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Prof. Dr.
Wrobel, Stefan
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PublicationResearch priorities to leverage smart digital technologies for sustainable crop production( 202405)
;Storm, Hugo ;Seidel, Sabine Julia ;Klingbeil, Lasse ;Ewert, Frank ;Vereecken, Harry ;Amelung, Wulf ;Bennewitz, Maren ;Börner, Jan ;Döring, Thomas ;Gall, Jürgen ;Mahlein, AnneKatrin ;McCool, Chris ;Rascher, Uwe ;Schnepf, Andrea ;Stachniss, CyrillKuhlmann, HeinerAgriculture faces several challenges including climate change and biodiversity loss while, at the same time, the demand for food, feed, biofuels, and fiber is increasing. Sustainable intensification aims to increase productivity and inputuse efficiency while enhancing the resilience of agricultural systems to adverse environmental conditions through improved management and technology. Recent advances in sensing, machine learning, modeling, and robotics offer opportunities for novel smart digital technologies to enable sustainable intensification. However, developing smart digital technologies and putting them into agricultural practice, requires closing major research gaps, related in particular to (1) the utilization of multiscale multisensor monitoring in space and time, (2) using artificial intelligence for linking process and datadriven methods, (3) improving decision making and intervention in plant production, and finally (4) modeling conditions and consequences of farmers acceptance. Closing these gaps requires an interdisciplinary approach. Here, we present a research agenda and steps forward to steer research efforts, highlighting research priorities, and identifying required interdisciplinary research collaboration. Following this agenda will leverage the full potential of smart digital technologies for sustainable crop production.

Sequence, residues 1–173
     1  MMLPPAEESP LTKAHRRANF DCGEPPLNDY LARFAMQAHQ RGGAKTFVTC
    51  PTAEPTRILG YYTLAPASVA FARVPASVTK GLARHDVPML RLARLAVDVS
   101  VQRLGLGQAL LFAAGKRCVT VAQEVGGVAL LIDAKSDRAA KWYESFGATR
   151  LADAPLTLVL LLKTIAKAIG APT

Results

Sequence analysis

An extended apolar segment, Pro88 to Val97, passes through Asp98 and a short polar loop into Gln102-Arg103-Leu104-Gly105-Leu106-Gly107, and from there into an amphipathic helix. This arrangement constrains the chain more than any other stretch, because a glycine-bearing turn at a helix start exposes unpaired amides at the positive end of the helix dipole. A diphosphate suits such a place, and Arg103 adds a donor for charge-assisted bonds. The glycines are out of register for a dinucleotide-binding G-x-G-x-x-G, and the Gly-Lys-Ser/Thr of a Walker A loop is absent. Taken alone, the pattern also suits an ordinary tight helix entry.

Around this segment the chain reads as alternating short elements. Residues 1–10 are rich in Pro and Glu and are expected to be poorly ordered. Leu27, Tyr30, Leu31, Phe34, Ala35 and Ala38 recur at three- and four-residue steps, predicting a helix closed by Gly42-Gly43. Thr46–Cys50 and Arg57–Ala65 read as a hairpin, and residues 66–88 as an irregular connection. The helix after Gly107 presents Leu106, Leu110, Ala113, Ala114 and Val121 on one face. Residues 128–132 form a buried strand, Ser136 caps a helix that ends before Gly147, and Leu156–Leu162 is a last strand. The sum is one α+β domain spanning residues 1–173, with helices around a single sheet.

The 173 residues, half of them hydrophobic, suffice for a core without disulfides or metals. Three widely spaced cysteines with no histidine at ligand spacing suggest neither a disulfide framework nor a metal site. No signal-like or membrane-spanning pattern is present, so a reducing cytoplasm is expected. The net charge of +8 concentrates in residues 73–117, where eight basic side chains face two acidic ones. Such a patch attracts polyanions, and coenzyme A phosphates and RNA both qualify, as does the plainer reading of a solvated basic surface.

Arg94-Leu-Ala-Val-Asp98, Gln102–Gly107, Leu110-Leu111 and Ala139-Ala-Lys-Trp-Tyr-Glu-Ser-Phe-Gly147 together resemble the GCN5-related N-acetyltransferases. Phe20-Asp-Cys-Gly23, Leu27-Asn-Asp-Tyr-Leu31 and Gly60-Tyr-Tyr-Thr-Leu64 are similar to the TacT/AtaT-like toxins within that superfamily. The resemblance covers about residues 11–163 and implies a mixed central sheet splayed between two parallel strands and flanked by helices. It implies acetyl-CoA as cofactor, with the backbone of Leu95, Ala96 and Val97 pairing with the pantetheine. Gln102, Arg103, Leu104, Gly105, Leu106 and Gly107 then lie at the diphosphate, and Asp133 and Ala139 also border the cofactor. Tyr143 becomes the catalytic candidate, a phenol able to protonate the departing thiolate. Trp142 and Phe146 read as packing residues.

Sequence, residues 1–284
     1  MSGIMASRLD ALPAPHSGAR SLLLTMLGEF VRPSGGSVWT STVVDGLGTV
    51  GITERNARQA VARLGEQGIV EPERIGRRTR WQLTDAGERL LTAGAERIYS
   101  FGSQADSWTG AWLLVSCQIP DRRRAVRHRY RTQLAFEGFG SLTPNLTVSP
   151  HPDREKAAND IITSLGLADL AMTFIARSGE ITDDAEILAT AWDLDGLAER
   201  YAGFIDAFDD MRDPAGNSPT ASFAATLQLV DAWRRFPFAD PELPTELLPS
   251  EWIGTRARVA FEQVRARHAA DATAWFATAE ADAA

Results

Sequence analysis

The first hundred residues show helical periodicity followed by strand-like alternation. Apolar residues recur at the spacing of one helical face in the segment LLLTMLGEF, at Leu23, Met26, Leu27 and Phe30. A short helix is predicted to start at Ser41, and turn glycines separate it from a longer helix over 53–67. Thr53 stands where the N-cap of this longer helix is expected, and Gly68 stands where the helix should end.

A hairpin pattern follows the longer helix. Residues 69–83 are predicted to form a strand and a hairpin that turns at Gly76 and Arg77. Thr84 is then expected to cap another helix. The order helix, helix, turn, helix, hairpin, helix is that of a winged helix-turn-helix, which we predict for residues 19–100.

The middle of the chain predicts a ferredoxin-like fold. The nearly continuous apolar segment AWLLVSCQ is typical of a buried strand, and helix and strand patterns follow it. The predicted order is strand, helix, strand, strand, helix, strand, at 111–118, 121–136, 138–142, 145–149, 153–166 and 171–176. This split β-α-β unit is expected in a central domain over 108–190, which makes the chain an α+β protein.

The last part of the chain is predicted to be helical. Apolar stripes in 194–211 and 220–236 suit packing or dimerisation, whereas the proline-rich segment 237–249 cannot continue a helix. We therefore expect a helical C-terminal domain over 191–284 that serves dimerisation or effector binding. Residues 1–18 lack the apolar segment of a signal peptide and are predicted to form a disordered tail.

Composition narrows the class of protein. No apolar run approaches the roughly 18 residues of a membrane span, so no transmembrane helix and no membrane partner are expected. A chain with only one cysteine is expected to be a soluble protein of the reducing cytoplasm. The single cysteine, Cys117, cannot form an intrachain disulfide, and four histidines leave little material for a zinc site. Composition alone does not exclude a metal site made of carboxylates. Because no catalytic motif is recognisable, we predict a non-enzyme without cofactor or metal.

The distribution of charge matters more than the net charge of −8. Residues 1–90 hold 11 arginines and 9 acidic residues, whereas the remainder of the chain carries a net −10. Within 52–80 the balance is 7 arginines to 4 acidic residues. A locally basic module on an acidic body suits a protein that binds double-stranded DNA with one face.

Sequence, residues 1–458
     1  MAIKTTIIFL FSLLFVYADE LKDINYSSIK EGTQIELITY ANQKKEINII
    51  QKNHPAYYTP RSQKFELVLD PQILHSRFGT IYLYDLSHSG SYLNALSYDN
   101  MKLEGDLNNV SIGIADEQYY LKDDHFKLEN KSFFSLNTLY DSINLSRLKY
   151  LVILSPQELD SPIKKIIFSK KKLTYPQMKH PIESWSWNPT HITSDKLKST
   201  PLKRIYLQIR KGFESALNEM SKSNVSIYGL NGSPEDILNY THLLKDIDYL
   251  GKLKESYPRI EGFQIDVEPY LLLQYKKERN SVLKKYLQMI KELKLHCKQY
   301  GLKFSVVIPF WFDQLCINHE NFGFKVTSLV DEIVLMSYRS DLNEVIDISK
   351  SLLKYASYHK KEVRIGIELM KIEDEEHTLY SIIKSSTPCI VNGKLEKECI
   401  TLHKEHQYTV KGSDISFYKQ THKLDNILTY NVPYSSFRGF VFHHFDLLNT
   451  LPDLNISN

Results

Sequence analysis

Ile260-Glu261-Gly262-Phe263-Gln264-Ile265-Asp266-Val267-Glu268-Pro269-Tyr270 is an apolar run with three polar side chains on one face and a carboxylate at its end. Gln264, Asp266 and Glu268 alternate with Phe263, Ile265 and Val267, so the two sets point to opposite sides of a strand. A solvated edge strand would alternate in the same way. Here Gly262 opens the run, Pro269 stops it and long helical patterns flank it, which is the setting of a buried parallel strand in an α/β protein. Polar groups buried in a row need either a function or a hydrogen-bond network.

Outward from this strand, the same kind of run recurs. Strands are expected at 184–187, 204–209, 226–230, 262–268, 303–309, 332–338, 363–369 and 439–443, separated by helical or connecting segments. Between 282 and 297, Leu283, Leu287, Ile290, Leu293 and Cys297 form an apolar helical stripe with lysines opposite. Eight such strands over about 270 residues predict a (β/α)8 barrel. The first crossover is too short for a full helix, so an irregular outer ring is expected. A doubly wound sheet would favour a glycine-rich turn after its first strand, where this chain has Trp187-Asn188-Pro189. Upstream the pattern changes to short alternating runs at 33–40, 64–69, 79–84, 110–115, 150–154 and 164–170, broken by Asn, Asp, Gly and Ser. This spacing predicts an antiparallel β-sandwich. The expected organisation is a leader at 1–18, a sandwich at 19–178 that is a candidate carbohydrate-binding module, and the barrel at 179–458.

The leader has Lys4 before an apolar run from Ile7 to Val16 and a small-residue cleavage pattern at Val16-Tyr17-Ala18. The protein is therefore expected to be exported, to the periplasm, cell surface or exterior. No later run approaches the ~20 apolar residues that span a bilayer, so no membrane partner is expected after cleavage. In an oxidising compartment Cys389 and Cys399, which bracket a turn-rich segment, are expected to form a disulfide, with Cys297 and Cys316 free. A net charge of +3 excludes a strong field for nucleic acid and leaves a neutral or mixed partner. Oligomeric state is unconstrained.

PublicationWasserstein Dropout( 2024)
;Sicking, Joachim ;Pintz, Maximilian AlexanderFischer, AsjaDespite of its importance for safe machine learning, uncertainty quantification for neural networks is far from being solved. Stateoftheart approaches to estimate neural uncertainties are often hybrid, combining parametric models with explicit or implicit (dropoutbased) ensembling. We take another pathway and propose a novel approach to uncertainty quantification for regression tasks, Wasserstein dropout, that is purely nonparametric. Technically, it captures aleatoric uncertainty by means of dropoutbased subnetwork distributions. This is accomplished by a new objective which minimizes the Wasserstein distance between the label distribution and the model distribution. An extensive empirical analysis shows that Wasserstein dropout outperforms stateoftheart methods, on vanilla test data as well as under distributional shift in terms of producing more accurate and stable uncertainty estimates. 
PublicationExplainable production planning under partial observability in highprecision manufacturing( 202310)